Last updated at Sat, 19 Aug 2017 11:01:04 GMT
- Custom events - These frameworks implement non-standard or custom event binding mechanisms, and in the case for ReactJS, it creates a so-called “Virtual DOM” which provides an internal representation of events outside of the real browser DOM. It is important to discover the type and location of every actionable component on the page. Tracking the event bindings on a real DOM is relatively straightforward by shimming EventTarget.prototype.addEventListener and determining the event type, and which node it is bound to.
However, in cases where a framework manages its own event delegation (such as in the ReactJS Virtual DOM) it becomes more efficient to hook into the framework, effectively providing a query language into the framework for its events (instead of listening for them).
According to ReactJS page:
- React doesn't actually attach event handlers to the nodes themselves.
- When React starts up, it starts listening for all events at the top level using a single event listener.
- When a component is mounted or unmounted, the event handlers are simply added or removed from an internal mapping.
- When an event occurs, React knows how to dispatch it using this mapping.
AppSpider has now created a generalized lightweight framework hooking structure that can be used to effectively crawl/discover/scan frameworks that do things ‘their own way.' Look for an upcoming announcement on how you can incorporate and contribute your own custom framework scanning hooks with AppSpider.
So what is AppSpider doing with ReactJS now? AppSpider is leveraging Facebook's open source developer tools (react-devtools) that are wrapped in a generalized framework hook and now crawled exhaustively by AppSpider. Additionally, ‘doin' it their own way' event binding systems (such as the ReactJS Virtual DOM) are being considered and executed. It is still the case that frameworks are supported right out of the box including AngularJS, Backbone, jQuery, Knockout, etc., without the need for tuning. Only where needed are we adding specific support for frameworks with custom techniques.
Why is this important? Web application security scanners struggle with understanding these more complex types of systems that don't rely on fat clients and slow processes. Scanners were built using standard event names relying on these ever-present fields to allow them to interact with the web application. Without these fields, a traditional scanner no longer has the building blocks necessary to correctly interact with the web applications it is scanning. Additionally, they have used the ever-present DOM structure to better understand the application and assist with crawling. This becomes difficult if not impossible for a traditional scanner when they have to deal with applications that process information on the server side instead of the client side. If this creates such an issue, why are people flocking to these frameworks? There are several reasons:
- Two-way data bindings which allow a better back and forth between client side and server side interactions
- Processing information on the server side which increases performance and gives a better user experience
- Flexibility to break away from the fat client side frameworks
These capabilities can make a dramatic difference to developers and end users but they also introduce unique issues to security teams.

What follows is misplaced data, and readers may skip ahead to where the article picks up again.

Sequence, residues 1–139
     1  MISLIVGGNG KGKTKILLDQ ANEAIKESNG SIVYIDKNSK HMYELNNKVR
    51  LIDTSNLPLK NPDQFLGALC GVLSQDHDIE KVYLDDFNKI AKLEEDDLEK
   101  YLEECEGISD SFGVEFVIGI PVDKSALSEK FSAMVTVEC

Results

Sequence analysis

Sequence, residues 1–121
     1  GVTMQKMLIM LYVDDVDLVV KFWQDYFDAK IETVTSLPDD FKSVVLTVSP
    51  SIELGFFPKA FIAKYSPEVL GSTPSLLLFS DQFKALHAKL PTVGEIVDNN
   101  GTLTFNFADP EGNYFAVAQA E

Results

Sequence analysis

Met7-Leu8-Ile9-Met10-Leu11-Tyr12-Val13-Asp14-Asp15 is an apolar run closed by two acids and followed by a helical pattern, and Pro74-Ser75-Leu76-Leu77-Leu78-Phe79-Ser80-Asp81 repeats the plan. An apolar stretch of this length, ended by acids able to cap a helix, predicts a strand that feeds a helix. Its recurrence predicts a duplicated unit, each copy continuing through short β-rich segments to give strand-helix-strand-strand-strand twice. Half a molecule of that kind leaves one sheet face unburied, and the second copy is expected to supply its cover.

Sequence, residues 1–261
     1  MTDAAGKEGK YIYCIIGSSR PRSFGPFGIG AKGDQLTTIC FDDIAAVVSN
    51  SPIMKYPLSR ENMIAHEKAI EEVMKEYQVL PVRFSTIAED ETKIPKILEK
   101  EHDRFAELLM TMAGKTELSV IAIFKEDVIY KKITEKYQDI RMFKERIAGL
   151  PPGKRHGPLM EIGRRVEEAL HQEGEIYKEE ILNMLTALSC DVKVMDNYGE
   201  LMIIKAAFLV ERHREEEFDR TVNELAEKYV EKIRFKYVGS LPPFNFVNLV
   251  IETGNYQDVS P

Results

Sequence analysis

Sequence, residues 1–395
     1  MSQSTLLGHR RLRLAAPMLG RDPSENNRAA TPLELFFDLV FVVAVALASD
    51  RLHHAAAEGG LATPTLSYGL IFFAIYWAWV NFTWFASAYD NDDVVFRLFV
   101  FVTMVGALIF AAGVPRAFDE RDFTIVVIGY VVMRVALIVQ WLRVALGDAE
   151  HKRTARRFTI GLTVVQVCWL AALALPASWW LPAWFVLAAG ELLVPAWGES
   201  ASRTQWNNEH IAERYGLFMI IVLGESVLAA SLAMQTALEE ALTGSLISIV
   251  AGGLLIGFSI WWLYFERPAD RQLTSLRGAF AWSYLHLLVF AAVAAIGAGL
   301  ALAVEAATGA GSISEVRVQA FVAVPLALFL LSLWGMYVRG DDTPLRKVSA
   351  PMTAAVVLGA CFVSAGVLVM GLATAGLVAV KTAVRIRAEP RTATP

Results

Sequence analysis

Security teams and their tools are all used to the standard event names like OnClick or OnSubmit. These events drive how we interact with a web application, allowing our standard tools to crawl through the application and interact with them. By using these standard events we have been able to automate the manual tasks of making the application think we interacted with it. This becomes much more complicated when we introduce custom event names. How do you automate interacting with something that changes from application to application or even worse whenever you refresh the same application? AppSpider answers that question by allowing you to connect directly into the framework and have the framework tell you what those custom events are before it even begins to crawl/attack.
Security experts have relied upon the DOM to know what was needed to test an application and monitor this interaction to understand potential weaknesses. Server side processing complicates this as all processing is done on the server side, away from the eyes and tools of the security expert and displaying only the end results. With AppSpider, you can now handle applications that are utilizing server side processes because we are not dependent on what is shown to us; instead we already know what is there.
Currently, the only way for pen testers to conduct web application tests on applications using ReactJS and other modern formats is to manually attack them, working their way one-by-one through each option. This is a time consuming and tedious task. Pen testers lack the tools to be able to quickly and dynamically scan a web application using these SPA frameworks to identify potential attack points and narrow down where they would like to do further manual testing. AppSpider now allows them to quickly and efficiently scan these applications, saving them time and allowing them to focus efforts where they will be the most effective.
How can you tell if your scanner is supporting these custom event names? Answering this question can be difficult as you have to know your application to truly understand what is being missed. You can typically see this quickly when you start to analyze the results of your scans. You will see areas of your application completely missed or parameters that don't show up in your logs as being tested against.
Know your weaknesses. Can your scanner effectively scan this basic ReactJS application and find all of the events? http://webscantest.com/react/ Test it and find out! Is your scanner able to get see past the DOM? AppSpider can.